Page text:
Alongside Tour de France cyclists, cross-country skiers have some of the highest VO2 Max levels around.

Cross-country skiing is the most endurance-focused sport in the Winter Olympics and these athletes train hard. Alongside Tour de France cyclists, cross-country skiers have some of the highest VO2 Max levels around.

Cross-country skiers have been known to do many of the workouts I mentioned previously but will also rollerblade, run, cycle, or row. Cross-country (and Freestyle) Skiers will want to add some endurance exercises like these:

Farmer’s Walk

Grab two very heavy dumbbells (that you can handle safely) and stand tall with your chest up and shoulders back. Walk for 30 metres, rest and repeat. You can do this for up to 15 minutes, or until your grip strength gives out.

Trunk Circuits

Work the entire trunk, not just the abs using a combination of plank, side plank, bridge, airplane and Superman. Hold each of the positions for 30 to 60 seconds with a 30-second rest in between. Keep a straight spine and engage all the core muscles from the rectus abdominis on the front to the multifidus in the back.

Single Leg Squats

Stand on your right leg and put the left foot behind you on a box or ball. Lower your body into a squat until your knee is bent to a 90-degree angle. Remember to keep your ankle, knee, and hip in line and try not to let your knee sag to the inside. Think tall thoughts and push your leg back into a straight and standing position.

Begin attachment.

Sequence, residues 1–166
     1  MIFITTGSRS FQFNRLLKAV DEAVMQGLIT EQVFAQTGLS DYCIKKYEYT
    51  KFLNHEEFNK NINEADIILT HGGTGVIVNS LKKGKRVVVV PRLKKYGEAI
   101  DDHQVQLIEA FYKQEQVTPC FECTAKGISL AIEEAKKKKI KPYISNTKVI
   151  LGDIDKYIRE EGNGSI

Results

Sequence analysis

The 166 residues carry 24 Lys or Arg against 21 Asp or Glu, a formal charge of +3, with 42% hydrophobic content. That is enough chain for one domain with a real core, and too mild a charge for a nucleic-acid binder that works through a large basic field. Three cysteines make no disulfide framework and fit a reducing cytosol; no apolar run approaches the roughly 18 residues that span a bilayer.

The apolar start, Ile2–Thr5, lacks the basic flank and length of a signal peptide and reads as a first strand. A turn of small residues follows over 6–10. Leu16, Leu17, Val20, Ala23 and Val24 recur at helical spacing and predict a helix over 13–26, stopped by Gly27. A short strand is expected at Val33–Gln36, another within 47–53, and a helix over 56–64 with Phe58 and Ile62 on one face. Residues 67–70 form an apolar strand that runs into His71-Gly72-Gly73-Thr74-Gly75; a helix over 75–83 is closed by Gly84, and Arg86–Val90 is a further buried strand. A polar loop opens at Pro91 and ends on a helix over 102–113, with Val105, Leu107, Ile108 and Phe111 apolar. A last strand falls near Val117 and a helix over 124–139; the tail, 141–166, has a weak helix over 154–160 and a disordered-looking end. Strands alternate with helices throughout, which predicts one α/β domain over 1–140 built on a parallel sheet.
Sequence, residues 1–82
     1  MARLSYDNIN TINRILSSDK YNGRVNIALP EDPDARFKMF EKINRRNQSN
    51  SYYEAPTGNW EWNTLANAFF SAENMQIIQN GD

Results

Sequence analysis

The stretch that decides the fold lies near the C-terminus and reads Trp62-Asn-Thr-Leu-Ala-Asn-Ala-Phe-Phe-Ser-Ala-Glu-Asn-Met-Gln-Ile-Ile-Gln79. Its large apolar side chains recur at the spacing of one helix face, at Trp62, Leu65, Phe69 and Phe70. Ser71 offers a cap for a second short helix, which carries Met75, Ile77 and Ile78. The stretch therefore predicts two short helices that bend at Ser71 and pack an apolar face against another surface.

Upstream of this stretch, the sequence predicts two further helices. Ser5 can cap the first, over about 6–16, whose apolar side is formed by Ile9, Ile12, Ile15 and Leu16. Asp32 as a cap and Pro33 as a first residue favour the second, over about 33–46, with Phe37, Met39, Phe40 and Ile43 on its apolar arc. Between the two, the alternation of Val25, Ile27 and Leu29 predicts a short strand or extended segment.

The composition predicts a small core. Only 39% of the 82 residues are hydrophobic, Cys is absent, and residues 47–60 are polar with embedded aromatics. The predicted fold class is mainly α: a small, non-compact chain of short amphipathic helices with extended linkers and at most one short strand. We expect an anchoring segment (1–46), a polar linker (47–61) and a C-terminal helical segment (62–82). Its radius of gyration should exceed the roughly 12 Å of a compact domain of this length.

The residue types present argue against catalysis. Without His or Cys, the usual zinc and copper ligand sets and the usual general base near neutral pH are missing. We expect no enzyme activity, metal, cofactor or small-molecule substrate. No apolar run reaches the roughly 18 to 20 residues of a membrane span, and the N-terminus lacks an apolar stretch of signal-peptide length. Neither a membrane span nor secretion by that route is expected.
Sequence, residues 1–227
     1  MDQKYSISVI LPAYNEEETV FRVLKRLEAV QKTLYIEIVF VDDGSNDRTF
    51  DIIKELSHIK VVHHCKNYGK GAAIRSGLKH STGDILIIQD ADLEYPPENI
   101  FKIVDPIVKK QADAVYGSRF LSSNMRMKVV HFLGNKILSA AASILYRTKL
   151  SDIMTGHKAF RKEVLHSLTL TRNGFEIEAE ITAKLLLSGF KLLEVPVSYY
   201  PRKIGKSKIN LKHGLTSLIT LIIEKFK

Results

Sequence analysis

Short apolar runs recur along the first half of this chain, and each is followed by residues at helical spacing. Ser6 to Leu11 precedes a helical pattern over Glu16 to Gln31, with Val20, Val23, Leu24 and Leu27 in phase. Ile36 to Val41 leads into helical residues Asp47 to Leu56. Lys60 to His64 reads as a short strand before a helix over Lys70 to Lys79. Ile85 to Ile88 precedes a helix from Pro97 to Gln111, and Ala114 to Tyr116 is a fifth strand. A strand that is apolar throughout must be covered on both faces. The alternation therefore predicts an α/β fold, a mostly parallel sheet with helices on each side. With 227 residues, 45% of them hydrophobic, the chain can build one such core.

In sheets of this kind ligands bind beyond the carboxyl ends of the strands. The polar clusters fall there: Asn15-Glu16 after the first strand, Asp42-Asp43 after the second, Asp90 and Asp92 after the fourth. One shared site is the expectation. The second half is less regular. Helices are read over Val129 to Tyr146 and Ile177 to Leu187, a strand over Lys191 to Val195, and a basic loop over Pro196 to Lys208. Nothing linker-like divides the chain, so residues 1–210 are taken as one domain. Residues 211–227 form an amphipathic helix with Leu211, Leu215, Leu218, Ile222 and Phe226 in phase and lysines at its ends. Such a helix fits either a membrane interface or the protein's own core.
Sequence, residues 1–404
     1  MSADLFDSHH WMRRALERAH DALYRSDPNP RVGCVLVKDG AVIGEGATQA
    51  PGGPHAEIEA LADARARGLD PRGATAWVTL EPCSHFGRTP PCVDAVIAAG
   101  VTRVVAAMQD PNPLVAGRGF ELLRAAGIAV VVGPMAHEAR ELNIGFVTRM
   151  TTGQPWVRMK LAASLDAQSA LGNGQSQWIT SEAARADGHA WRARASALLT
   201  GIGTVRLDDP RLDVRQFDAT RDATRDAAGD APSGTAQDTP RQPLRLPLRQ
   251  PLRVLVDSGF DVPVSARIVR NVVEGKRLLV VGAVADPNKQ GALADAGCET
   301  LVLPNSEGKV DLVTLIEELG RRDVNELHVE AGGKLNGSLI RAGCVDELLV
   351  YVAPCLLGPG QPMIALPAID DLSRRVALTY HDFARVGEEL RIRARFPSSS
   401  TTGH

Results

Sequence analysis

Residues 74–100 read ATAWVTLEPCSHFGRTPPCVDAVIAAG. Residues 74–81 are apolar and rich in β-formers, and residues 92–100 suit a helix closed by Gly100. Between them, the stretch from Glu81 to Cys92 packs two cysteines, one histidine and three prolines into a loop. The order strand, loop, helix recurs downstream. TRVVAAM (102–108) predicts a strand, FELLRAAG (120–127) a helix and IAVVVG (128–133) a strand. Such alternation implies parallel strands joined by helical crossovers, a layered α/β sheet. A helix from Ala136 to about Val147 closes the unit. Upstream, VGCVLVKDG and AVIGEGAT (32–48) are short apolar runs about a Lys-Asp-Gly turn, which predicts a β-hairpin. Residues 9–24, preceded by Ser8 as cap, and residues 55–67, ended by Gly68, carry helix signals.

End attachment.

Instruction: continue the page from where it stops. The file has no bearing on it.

Biathlon is a bit of an outlier because it combines cross-country skiing and target shooting. In their event, Biathletes need to go, as quickly as possible, from an all-out, heart rate-busting sprint directly into the calm, concentrated and controlled activity of target shooting.

I once coached a former biathlete and I was endlessly amazed at how quickly he was able to drop his heart rate.

I once trained a former biathlete for a marathon and I was endlessly amused and amazed at how quickly he was able to drop his heart rate—even after running some gut-busting hill repeats. Like cross-country skiers, biathletes incorporate running, cycling, rollerblading, and rowing into their training but they also spend hours at target practice and work specifically on breath control. Some even incorporate swimming into their program, to help to teach them to control their breathing during a high-intensity effort.

I have obviously only scratched the surface here but I think you get the idea. You may never hurtle your body down an ice-covered track, throw another human being into the air while wearing skates, or score the winning goal on the likes of Shannon Szabados to bring home the gold medal. And neither will I. But we can (and likely do) train in similar ways to all those high achievers that we watch and cheer on from our comfy seats back home.

I don’t know about you but I am feeling inspired to go do a Skeleton style workout of my own. Minus the part where I experience forces up to 5 g and reach speeds over 130 km/h (80 mph). Yikes!